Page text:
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Hacking on The Rise

It is estimated that over half the companies currently operating in the United States have been the victim of cyber-attacks within the past year. 53% to be exact, according to a recent study completed by cyber-insurance carrier the Hartford Steam Boiler (HSB) Inspection and Insurance Co. This study also found that of the businesses hacked within the prior year period, 72% spend over $5,000 investigating each incident. Response to cyber attack can be costly. Attacks must be discovered, damage mitigated, and changes may be necessary to limit future exposure.

More than a third of the businesses hacked (a whopping 38%) spent more than $50,000 in their response, 10% spend between $100,000-250,000 and 7% paid more than $250,000 in associated expenses. That’s over a quarter-million dollars on disaster response for a single attack. Timothy Zeilman, Vice President with HSB, a said the increased number of cyber assaults and associated high cost have companies more concerned with protecting information. Data is what drives a business; loss or corruption can be crippling on many levels.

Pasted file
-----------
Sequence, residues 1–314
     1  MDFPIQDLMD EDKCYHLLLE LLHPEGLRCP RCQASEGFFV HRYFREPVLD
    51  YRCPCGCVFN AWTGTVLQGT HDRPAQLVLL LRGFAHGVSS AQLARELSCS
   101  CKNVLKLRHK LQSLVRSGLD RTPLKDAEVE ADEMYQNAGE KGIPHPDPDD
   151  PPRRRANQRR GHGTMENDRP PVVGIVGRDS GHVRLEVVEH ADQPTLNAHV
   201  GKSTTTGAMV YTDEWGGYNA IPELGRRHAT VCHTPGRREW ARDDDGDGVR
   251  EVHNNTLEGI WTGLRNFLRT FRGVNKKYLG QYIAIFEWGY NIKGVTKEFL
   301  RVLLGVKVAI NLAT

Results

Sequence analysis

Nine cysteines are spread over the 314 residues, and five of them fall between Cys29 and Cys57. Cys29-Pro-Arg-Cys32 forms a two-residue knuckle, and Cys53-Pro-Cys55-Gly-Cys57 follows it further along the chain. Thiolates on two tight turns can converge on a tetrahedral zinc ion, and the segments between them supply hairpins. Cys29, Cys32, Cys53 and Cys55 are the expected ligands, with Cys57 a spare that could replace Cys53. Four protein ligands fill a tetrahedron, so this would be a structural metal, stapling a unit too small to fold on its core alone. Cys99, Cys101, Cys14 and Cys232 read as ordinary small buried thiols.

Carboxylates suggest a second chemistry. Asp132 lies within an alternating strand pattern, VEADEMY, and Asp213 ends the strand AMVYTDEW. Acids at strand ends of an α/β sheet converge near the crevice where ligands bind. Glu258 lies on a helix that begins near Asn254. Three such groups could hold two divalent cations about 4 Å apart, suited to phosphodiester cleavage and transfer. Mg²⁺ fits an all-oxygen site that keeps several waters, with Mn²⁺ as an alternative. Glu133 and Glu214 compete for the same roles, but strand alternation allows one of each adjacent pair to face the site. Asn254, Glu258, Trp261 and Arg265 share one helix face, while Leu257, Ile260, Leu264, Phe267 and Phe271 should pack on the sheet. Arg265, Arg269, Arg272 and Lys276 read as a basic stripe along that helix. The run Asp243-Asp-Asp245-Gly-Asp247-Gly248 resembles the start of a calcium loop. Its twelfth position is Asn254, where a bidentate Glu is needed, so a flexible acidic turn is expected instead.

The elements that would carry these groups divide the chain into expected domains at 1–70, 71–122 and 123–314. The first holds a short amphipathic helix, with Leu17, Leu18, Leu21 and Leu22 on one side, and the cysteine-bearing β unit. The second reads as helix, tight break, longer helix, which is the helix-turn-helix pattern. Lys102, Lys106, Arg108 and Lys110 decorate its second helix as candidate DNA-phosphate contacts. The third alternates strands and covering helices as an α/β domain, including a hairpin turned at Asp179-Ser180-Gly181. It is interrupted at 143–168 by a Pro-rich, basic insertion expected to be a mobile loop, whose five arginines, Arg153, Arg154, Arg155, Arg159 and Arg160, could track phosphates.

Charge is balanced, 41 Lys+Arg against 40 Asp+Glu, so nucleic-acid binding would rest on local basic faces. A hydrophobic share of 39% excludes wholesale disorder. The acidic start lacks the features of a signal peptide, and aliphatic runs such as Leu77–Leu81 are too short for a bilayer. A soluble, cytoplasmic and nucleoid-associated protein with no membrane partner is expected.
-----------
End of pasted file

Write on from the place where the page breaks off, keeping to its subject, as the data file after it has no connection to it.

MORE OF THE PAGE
Seven of every 10 executives worry data will become damaged or compromised due to a cyber strike. 62% of those surveyed worry about costly equipment damage as well. This study supports those concerns. The most common casualty in a cyber-attack is a loss of data (60%), followed by a disruption in day-to-day business (55%). Malware and viruses are frequent types of cyber-attacks. An increasing number of companies also experienced distributed denial of service (DDoS) assaults, payments demands via ransomware, cyber extortion of all types, and a number of social engineering issues.

Security experts say employees are a weak link in the chain when sensitive information is on the line, and business leaders agreed. When questioned on the largest risk to cybersecurity, respondents pointed to negligent or disgruntled employees (45%) and cyberpunks (37%). Almost two-thirds of businesses purchased or increased cyber insurance coverage over the past year. 56% of these businesses purchased a cybersecurity policy for the first time. This study was completed by Zogby Analytics on behalf of HSB. Zogby studied 403 presidents, CEOs, CFOs, and other high-level executives in the United States to accumulate data. Those surveyed worked in a range of industries with incomes ranging from less than $5 million to greater than $200 million.

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